Eveready recently re-designed the 5109LS flashlight. The original flashlight had three round low power LEDS. The new version has one square high power LED. There are no exposed wires so one of the metal strips that connects the switch needs to be cut. The resistor of your choice is soldered across the cut. The current of the unmodified flashlight was in excess of 160 milliamps. I tested 3 resistors:

50 ohms = 50 milliamps

68 ohms = 44 milliamps

100 ohms = 32 milliamps

I like this version better than the original. It is an easier modification.


To make it easy to find your modified flashlight in the dark you can add a second resistor. This resistor is electrically across the switch so that when the switch is open it is really a little bit closed. Pictured is a 100,000 (100K) ohm resistor. The current in the circuit with the flashlight "off" is 0.04 milliamps or 4 hundredths of a milliamp. This produces enough light to put a dim but visible spot on the ceiling in total darkness. This will run the battery down eventually but at a rate of less than 1000th the current when on (used with a 68 ohm resistor), The locator light should run for several years. I also tried a 200,000 ohm resistor which uses half the power.



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    18 Discussions

    Modern LED flashlights already have an IC that can let you select between low/high power setting or low/med/high and even extra options like SOS.

    I made this modification out of Ron Brown's e-book (in which you are mentioned, luxstar), but unknowingly picked up one of each kind of flashlight when I was at Lowe's. Thanks for putting up a version of the mod for the new style!

    1 reply

    Ok, what did I do wrong. I did this with a 47ohm resistor and I can barely see the light. New battery and new flashlight, but it's really dim.

    1 reply

    I am not sure what went wrong. I have modified over 10 of them and clubmike and mkia did it too without problems. I have two thoughts. Did you tests your flashlight before you did the modification and it worked fine then? Maybe you actually are using a 470 ohm or a 4.7k ohm or a 47k ohm by mistake. You may want to check it with an ohm meter.

    Good luck

    Day 131 still on but not enough useful light. 3144 hours on time. Bummer, I feel lost not carrying my light with me. Time for new battery.

    1 reply

    131 days is quite impressive and useful.

    I am re-charging my original 6 volt alkaline with 3 of the cheap walmart solar lawn lights in series. I took out the circuit board, batteries and LEDS and wired them in series and put them on the roof and ran cat5 cable down to the garage. Also I have a blocking diode in the circuit. I am up to 5.82 volts. If I can get up to about 6.2 volts I will run one of the tests over again.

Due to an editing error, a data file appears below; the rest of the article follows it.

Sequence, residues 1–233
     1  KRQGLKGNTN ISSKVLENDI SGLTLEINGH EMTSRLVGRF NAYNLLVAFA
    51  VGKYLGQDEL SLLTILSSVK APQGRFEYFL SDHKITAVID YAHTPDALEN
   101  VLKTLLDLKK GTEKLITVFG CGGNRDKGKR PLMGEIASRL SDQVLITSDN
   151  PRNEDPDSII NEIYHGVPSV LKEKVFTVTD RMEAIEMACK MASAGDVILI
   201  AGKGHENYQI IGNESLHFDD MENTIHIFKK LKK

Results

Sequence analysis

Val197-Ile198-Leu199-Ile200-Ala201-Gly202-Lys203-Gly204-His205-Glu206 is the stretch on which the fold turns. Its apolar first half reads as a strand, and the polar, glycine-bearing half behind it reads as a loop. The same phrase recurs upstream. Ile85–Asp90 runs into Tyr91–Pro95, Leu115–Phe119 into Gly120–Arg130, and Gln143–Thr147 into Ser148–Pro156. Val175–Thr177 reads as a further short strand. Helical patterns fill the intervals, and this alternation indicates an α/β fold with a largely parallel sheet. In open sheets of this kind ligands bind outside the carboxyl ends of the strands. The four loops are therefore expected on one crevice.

Another update on your forever flashlight. Test started on 3/1/13 at 3:10 pm.
    First update on 5/27/13 on 87 days{2088hrs}. 7/7/13 at 3:10 pm flashlight will have been on for 128 days{3072hrs}!!!
    Still used for a nightlight, finding car door, house key locks etc.
    First major drop in brightness was after being on for 14 days{336hrs}.
    Since then it has been dropping gradually. Thank you.

    1 reply

    Ok i'm going to give this a shot i have to get some batteries but i have some of these flashlights laying about can't hurt to give it a shot thanks for this great idea you made it easy for me to understand and teach to my kids too .....

    1 reply

    Cool. I like those flashlights. The old kind with the maglite bulbs eat batteries, and the Nite Ize maglite LED bulbs don't work in them because of polarity. The ones you show (come with 3 LED) are pretty good, but I recommend gorilla taping the ring cap if you put it on a bike handlebar or something. I used one to mow my yard at dusk when it's cooler.

    Thanks for showing me the light!! All I could get was a 42 ohm resistor. It has worked fantastic. Turned mine on on 3/1/2013. Today 5/27/2013 at 3:10pm it will have been on for 87 days straight{2088 hours}. Still has a usable light, unlocking doors, reading if you want to.

    1 reply

    Thanks for the feedback MKIA. It is good to hear that people are actually trying this.

    ok, I did this, it worked great in fact it is still working. I soldered a 100 ohm resistor in the flashlight on Feb 5 and turned on the flashlight. It is still on and it is March 30. I can still read my calender with it and see down my back stairs to let my dog out at night. In an emergency situation this is exactly what I need. The question is how long will it last?????

    1 reply

    Thank You Clubmike.

    When your battery finally does run down you can more than double the run time by replacing the junky carbon battery that came with the flashlight with an alkaline.